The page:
Psychiatry Research 10/2014; 220(3). DOI:10.1016/j.psychres.2014.08.054 · 2.47 Impact Factor
  • Source
    [Show abstract] [Hide abstract]
    ABSTRACT: Human empathic experience is a multifaceted psychological construct which arises from functional integration of multiple neural networks. Despite accumulating knowledge about the cortical circuitry of empathy, almost nothing is known about the connectivity that may be concerned in conveying empathy-related neural information. To bridge this gap in knowledge, we studied dispositional empathy in a large-sized cohort of 107 patients who had undergone surgery for a diffuse low-grade glioma. The self-report questionnaire used enabled us to obtain a global measure of subjective empathy but also, importantly, to assess the two main components of empathy (cognitive and emotional). Data were processed by combining voxelwise and tractwise lesion-symptom analyses. Several major findings emerged from our analyses. First of all, topological voxelwise analyses were inconclusive. Conversely, tractwise multiple regression analyses, including all major associative white matter pathways as potential predictors, yielded to significant models explaining substantial part of the behavioural variance. Among the main results, we found that disconnection of the left cingulum bundle was a strong predictor of a low cognitive empathy (p<0.0005 Bonferroni-corrected). Similarly, we found that disconnection of the right uncinate fasciculus and the right inferior fronto-occipital fasciculus predicted, respectively, a low (p<0.05 Bonferroni-corrected) and a high (p<0.05 Bonferroni-corrected) subjective empathy. Finally, although we failed to relate emotional empathy to disruption of a specific tract, correlation analyses indicated a positive association between this component of empathy and the volumes of residual lesion infiltration in the right hemisphere (p<0.01). Taken as a whole, these findings provide key fundamental insights into the anatomical connectivity of empathy. They may help to better understand the pathophysiology of empathy impairments in pathological conditions characterized by abnormalities of long-range anatomical connectivity, such as autism spectrum disorders, schizophrenia and fronto-temporal dementia. Copyright © 2015. Published by Elsevier Ltd.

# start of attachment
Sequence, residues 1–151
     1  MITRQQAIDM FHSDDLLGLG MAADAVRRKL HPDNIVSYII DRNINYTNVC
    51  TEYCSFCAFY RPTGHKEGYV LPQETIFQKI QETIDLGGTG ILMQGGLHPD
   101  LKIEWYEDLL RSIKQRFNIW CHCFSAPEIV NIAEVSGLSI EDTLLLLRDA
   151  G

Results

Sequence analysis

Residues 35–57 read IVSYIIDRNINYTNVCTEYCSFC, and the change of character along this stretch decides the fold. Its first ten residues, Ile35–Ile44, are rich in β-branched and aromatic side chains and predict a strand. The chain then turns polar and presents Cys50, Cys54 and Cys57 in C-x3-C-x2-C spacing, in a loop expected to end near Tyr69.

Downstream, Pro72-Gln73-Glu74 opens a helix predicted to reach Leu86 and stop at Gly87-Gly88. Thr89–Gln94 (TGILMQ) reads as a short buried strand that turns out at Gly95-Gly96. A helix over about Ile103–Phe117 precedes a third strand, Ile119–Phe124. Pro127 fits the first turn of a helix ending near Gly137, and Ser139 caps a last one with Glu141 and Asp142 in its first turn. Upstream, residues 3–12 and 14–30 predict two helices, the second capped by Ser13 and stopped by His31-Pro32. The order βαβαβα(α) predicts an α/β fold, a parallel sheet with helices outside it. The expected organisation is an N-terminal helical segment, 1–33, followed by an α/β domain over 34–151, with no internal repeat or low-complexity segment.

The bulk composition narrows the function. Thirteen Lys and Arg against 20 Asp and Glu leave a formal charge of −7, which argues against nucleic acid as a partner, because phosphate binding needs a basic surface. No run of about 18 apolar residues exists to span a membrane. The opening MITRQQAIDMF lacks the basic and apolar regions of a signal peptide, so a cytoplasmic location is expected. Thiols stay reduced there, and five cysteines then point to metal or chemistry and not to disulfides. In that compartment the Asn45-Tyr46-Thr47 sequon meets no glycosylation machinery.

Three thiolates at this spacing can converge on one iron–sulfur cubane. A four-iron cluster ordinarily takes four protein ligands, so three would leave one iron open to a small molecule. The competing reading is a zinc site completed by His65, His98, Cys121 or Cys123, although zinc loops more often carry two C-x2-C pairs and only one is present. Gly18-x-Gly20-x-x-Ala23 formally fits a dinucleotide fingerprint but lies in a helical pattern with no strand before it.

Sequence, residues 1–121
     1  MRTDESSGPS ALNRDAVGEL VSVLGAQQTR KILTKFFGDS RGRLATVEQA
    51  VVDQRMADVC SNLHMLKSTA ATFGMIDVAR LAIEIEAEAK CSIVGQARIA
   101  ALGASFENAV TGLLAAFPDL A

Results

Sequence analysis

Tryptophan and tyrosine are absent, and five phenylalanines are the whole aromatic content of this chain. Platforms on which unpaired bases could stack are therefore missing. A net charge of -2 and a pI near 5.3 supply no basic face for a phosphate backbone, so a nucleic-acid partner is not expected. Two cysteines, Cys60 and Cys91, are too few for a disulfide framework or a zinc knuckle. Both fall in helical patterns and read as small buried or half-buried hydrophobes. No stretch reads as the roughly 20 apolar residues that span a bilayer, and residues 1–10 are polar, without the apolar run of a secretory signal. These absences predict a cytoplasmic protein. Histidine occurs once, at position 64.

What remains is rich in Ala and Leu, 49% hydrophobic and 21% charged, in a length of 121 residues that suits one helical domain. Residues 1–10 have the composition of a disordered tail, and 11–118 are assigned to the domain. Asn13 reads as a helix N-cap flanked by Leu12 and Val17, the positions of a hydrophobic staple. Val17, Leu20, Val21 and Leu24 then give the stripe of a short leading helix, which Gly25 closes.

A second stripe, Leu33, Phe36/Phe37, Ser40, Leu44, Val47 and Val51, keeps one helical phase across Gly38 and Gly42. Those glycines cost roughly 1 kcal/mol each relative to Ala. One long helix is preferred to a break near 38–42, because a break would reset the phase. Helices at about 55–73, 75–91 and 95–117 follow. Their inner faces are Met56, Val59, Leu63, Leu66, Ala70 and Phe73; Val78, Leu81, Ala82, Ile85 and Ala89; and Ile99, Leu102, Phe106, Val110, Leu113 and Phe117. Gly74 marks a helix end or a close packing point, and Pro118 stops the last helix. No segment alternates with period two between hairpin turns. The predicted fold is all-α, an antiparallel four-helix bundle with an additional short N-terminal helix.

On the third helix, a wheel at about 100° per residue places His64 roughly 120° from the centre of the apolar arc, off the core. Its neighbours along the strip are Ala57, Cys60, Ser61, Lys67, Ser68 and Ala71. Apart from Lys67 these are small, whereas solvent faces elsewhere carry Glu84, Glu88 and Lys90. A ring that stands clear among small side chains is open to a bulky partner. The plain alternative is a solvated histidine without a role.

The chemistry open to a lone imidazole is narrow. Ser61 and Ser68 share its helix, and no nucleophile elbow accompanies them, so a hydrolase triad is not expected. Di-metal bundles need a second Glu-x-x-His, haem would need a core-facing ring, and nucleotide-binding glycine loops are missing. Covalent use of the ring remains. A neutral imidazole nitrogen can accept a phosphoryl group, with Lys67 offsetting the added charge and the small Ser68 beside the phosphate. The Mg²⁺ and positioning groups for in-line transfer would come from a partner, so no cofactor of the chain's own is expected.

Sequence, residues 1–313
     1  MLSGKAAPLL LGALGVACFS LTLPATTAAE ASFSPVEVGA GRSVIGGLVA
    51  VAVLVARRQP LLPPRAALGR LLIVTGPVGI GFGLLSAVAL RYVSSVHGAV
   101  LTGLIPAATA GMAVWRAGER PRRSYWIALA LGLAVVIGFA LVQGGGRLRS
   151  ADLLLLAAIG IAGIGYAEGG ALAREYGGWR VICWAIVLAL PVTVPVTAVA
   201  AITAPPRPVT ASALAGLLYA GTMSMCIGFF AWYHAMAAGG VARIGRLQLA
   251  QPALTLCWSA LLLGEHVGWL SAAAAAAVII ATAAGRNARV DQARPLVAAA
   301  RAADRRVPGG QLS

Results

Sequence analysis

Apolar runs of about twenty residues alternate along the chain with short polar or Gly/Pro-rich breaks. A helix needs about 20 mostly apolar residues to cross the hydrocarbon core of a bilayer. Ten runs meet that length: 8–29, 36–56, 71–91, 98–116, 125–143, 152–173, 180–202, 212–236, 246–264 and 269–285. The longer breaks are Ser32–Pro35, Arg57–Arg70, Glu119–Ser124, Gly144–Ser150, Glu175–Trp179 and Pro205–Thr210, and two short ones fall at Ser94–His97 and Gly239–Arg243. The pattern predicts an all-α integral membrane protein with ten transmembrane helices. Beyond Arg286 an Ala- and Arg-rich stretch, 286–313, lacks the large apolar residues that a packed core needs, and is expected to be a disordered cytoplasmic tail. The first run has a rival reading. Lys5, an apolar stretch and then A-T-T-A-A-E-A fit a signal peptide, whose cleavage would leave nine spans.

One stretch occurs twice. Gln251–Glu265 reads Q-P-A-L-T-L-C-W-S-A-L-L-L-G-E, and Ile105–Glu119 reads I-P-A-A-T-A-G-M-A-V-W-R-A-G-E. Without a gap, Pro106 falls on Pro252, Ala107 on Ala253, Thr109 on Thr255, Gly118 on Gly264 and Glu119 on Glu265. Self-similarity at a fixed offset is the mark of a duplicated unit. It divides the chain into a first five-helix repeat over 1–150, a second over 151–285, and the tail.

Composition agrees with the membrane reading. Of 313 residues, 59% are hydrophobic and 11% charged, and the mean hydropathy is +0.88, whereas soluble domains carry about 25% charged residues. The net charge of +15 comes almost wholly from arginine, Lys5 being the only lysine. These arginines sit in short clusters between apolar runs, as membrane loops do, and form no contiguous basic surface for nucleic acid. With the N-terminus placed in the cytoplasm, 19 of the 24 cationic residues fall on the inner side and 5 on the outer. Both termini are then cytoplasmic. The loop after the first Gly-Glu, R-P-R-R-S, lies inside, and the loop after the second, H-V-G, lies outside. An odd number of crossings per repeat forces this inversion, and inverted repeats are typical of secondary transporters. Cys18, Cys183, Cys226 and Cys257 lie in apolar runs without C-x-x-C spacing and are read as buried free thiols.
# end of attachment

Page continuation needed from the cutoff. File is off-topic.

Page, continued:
Neuropsychologia 02/2015; 30. DOI:10.1016/j.neuropsychologia.2015.02.015 · 3.30 Impact Factor
  • Source
    [Show abstract] [Hide abstract]
    ABSTRACT: People with schizophrenia show social impairments that are related to functional outcomes. We tested the hypothesis that social interaction impairments in people with schizophrenia are related to alterations in the predictions of others' behavior and explored their underlying neurobiological mechanisms. Electroencephalography was performed in 20 patients with schizophrenia and 25 well-matched control subjects. Participants played as proposers in the repeated version of the Ultimatum Game believing that they were playing with another human or with a computer. The power of oscillatory brain activity was obtained by means of the wavelet transform. We performed a trial-by-trial correlation between the oscillatory activity and the risk of the offer. Control subjects adapted their offers when playing with computers and tended to maintain their offers when playing with humans, as such revealing learning and bargaining strategies, respectively. People with schizophrenia presented the opposite pattern of behavior in both games. During the anticipation of others' responses, the power of alpha oscillations correlated with the risk of the offers made, in a different way in both games. Patients with schizophrenia presented a greater correlation in computer games than in human games; control subjects showed the opposite pattern. The alpha activity correlated with positive symptoms. Our results reveal an alteration in social interaction in patients with schizophrenia that is related to oscillatory brain activity, suggesting maladjustment of expectation when patients face social and nonsocial agents. This alteration is related to psychotic symptoms and could guide further therapies for improving social functioning in patients with schizophrenia. Copyright © 2015 Society of Biological Psychiatry. Published by Elsevier Inc. All rights reserved.
    Biological psychiatry 02/2015; DOI:10.1016/j.biopsych.2015.02.012 · 10.26 Impact Factor
Show more